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Secretary LaHood Urges Parents and Students to Consider Safe, Healthy and Green Back-to-School Transportation Options

American Government Special Collections Reference Desk

American Government Topics:  Ray LaHood

Secretary LaHood Urges Parents and Students to Consider Safe, Healthy and Green Back-to-School Transportation Options

September 8, 2010

NHTSA 10-10
Wednesday, September 8, 2010
Contact: Ellen Martin
Tel: 202-366-9550

With schools back in session, U.S. Transportation Secretary Ray LaHood urges parents and students to be safety conscious and consider greener alternatives for getting to and from school, such as riding the school bus, walking or biking.

“If it’s an option, leave your car, van or SUV parked at home and let your kids ride the school bus, their bike or walk to school,” said Secretary LaHood. “Not only are these options safer, a single school bus can take the place of multiple passenger cars, cutting down on traffic congestion and air pollution, and walking and biking are good choices that improve the health of our kids.”

Walking and biking are also consistent with First Lady Michelle Obama's nationwide Let's Move challenge to solve the epidemic of childhood obesity in America. Community leaders and parents across the country can tap into the Safe Routes to School program for information and resources to improve safety and find ways to encourage more children, including those with disabilities, to safely walk and bicycle to school.

National Highway Traffic Safety Administrator David Strickland noted that despite the safety benefits of alternative forms of transportation many parents and young drivers elect to use private passenger vehicles for the drive to and from school.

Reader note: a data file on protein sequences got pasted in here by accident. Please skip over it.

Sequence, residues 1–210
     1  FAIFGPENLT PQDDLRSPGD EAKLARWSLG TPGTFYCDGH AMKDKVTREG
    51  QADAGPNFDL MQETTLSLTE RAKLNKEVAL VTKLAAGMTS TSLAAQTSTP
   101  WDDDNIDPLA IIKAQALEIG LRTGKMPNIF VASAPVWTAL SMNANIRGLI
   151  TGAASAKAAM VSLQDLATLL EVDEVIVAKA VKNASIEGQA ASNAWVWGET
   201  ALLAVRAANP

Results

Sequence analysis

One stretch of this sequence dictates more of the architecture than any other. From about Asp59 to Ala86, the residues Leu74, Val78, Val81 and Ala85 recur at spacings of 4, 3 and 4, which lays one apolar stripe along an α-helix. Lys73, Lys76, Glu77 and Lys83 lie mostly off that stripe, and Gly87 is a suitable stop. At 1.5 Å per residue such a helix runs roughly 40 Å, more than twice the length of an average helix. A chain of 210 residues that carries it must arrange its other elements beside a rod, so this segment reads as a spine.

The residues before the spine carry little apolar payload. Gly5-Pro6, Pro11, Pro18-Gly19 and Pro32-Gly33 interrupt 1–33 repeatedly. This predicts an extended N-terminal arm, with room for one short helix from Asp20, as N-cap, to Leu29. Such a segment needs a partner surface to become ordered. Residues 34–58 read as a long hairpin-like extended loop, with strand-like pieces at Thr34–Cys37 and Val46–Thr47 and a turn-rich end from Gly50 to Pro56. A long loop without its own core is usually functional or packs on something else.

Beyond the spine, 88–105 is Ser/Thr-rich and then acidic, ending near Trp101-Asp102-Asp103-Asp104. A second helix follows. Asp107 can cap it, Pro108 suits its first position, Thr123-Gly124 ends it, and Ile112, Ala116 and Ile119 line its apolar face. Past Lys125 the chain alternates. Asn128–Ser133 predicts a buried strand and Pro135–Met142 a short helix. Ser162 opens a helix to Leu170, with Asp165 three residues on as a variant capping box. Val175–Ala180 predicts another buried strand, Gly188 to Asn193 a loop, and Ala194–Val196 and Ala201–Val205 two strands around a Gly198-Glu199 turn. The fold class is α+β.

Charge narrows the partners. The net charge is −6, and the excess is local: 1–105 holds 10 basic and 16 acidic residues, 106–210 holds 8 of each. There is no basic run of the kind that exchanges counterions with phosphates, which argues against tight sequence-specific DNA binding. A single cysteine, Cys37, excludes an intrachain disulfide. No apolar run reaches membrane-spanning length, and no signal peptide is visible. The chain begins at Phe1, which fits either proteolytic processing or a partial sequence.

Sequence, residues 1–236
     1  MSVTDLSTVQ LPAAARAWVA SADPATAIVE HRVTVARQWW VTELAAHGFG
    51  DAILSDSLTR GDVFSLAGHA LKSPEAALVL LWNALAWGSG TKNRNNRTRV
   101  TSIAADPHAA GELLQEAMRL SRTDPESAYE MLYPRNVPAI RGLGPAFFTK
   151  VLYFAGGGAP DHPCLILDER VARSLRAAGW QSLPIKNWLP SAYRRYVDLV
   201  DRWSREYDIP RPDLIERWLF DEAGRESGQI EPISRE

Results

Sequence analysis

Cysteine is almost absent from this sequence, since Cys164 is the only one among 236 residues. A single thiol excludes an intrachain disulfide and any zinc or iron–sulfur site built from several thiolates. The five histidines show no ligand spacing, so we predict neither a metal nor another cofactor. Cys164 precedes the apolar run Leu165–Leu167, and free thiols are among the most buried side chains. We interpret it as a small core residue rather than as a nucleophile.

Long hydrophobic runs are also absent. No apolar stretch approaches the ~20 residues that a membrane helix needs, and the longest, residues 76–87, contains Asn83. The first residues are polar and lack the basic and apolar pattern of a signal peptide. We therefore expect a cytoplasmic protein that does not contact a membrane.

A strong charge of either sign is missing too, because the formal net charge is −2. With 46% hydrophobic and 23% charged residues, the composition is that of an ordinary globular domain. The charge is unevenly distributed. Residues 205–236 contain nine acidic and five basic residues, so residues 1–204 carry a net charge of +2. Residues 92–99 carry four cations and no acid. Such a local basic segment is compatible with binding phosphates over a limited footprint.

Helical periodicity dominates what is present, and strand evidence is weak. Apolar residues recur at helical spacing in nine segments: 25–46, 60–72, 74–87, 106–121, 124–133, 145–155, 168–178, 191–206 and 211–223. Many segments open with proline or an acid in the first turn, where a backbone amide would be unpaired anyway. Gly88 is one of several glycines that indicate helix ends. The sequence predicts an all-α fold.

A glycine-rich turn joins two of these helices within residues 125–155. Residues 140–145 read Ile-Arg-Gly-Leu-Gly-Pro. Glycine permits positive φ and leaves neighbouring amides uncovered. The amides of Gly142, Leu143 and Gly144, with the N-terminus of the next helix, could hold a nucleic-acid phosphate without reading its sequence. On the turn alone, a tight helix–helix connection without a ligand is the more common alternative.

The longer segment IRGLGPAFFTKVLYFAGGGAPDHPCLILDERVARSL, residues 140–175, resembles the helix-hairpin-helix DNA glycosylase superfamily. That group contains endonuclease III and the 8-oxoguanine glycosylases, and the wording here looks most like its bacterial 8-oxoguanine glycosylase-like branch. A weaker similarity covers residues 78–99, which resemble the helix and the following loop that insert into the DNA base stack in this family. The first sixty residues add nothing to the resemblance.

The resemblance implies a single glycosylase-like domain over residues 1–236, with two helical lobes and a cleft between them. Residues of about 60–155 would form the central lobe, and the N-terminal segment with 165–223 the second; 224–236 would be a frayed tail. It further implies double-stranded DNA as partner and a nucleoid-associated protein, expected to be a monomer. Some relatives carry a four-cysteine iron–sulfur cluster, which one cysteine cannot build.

“While such choices may often be convenient, they are not without risk,” Administrator Strickland said. “Teen drivers are at an especially high risk of a crash whenever they drive. And this risk goes up as more teens pile into a vehicle.”

He also noted that motor vehicle crashes are the leading cause of death for 15- to 20-year-olds. In 2008, more than 2,700 teenage drivers were killed and nearly 230,000 were injured according to NHTSA statistics.

Parents who choose to drive their children to school are reminded to carefully secure each child in the proper child safety seat, booster seat or seat belt, based on the child’s age and size. Adult and teen drivers should also buckle up, because wearing a seat belt is the single most effective action anyone can take to avoid serious injury or death, should a crash occur.

Given that no mode of transportation is completely without risk, Secretary LaHood recommends that parents and children visit http://www.saferoutesinfo.org/ or http://www.nhtsa.gov/School-Buses for tips on how to maximize their safety when traveling to school by bus, on foot, by bicycle, or by car.

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